The Solitary Sandpiper, Tringa solitaria, is a small wader (shorebird). Its only close relative in the genus Tringa is the Green Sandpiper (Pereira and Baker, 2005); they both have brown wings with little light dots, and a delicate but contrasting neck and chest pattern In addition, both species nest in trees, unlike most other scolopacids.
It breeds in woodlands across Alaska and Canada. It is a migratory bird, wintering in Central and South America, especially in the Amazon River basin, and the Caribbean. It is a very rare vagrant to western Europe.
This is not a gregarious species, usually seen alone during migration, although sometimes small numbers congregate in suitable feeding areas. The Solitary Sandpiper is very much a bird of fresh water, and is often found in sites, such as ditches, too restricted for other waders, which tend to like a clear all-round view.
This species is a dumpy wader with a dark green back, greyish head and breast and otherwise white underparts. It is obvious in flight, with wings dark above and below, and a dark rump and tail centre. The latter feature distinguishes it from the slightly larger and broader-winged, but otherwise very similar, Green Sandpiper of Europe and Asia, to which it is closely related. The latter species has a brilliant white rump. In flight, the Solitary Sandpiper has a characteristic three-note whistle.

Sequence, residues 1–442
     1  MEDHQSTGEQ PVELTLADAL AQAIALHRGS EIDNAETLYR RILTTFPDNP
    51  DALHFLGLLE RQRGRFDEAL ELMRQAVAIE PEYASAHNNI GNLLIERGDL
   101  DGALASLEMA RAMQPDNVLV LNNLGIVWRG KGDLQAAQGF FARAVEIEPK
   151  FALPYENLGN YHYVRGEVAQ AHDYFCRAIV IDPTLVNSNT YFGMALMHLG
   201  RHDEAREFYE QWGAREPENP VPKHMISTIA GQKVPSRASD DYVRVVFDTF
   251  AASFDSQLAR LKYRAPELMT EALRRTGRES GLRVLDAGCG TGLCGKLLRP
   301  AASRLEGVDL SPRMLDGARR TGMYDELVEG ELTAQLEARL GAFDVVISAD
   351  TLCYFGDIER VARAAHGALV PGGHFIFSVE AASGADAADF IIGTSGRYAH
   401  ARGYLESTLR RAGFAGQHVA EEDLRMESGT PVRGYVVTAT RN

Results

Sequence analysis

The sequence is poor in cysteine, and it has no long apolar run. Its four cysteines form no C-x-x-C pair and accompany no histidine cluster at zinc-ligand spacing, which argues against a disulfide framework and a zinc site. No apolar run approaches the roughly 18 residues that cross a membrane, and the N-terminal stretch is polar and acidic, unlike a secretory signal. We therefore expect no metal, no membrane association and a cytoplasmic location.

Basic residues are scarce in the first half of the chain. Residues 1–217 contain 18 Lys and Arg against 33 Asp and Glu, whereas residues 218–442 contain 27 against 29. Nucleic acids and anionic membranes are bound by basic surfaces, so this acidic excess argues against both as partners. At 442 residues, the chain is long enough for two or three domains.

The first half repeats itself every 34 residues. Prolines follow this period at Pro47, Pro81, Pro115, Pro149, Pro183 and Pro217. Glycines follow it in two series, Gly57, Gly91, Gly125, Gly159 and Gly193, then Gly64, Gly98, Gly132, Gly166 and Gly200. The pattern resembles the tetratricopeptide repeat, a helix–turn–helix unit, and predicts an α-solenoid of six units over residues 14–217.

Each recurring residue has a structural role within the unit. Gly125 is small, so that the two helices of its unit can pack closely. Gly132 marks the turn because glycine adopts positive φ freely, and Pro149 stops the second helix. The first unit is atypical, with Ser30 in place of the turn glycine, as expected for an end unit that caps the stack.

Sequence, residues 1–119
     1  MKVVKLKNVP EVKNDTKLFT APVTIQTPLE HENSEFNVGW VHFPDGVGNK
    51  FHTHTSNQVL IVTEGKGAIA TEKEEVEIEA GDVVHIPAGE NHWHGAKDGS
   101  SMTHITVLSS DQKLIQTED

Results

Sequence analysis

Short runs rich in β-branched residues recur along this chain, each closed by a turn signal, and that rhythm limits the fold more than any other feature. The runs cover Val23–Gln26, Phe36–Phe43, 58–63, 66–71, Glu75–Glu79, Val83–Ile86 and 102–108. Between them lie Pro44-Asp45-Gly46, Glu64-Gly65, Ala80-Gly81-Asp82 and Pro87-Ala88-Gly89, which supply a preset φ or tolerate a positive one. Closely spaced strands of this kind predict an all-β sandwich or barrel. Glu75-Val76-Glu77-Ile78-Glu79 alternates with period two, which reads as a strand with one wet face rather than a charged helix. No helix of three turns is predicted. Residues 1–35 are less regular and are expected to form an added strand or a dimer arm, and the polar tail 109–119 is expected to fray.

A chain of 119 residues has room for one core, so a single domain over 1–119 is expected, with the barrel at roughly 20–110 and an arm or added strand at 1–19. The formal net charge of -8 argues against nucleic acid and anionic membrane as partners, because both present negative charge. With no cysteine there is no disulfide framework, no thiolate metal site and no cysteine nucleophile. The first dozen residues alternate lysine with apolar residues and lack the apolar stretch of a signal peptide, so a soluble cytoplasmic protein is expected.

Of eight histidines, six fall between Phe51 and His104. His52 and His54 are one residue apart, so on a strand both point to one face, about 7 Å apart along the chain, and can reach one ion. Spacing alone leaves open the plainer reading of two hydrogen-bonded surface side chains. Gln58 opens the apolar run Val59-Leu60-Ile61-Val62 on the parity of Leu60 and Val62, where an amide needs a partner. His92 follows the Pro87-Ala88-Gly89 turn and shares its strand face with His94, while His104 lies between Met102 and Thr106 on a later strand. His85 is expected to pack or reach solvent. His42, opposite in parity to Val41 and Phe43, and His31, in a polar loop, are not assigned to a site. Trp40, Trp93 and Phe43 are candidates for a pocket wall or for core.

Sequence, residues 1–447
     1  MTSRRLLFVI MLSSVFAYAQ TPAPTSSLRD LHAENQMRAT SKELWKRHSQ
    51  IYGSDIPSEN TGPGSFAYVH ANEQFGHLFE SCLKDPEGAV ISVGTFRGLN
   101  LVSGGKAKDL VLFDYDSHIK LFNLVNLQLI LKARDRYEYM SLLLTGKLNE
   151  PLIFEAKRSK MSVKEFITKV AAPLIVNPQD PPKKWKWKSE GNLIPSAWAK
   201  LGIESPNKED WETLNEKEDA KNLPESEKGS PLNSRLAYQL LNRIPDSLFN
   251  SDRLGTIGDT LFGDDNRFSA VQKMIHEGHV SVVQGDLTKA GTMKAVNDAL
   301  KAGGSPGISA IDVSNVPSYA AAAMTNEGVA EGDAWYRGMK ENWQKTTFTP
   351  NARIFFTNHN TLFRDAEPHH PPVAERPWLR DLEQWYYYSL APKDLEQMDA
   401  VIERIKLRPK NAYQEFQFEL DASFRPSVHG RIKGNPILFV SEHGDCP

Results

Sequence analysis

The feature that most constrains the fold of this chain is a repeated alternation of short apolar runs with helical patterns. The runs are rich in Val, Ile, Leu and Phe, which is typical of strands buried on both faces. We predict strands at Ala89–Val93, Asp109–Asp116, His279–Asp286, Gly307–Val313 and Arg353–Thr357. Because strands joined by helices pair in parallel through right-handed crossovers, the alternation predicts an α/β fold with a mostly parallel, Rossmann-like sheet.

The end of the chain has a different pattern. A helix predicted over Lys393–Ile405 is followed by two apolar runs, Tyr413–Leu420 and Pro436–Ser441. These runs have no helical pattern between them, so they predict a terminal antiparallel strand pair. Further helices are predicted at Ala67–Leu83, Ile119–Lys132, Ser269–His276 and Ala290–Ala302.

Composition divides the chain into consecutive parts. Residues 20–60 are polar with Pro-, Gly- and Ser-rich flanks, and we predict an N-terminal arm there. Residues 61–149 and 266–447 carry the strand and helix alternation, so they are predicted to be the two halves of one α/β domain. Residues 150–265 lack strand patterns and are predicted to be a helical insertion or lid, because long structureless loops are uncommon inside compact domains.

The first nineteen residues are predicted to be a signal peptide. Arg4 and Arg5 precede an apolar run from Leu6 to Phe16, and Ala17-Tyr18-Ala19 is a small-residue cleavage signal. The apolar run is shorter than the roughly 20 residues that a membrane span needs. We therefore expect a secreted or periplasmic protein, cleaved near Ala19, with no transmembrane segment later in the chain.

The Solitary Sandpiper lays 3-5 eggs in an old tree nest of a songbird species, such as a thrush. The young birds are believed to drop to the ground on their own soon after hatching.
Food is small invertebrates, sometimes small frogs, picked off the mud as this species works steadily around the edges of its chosen pond.
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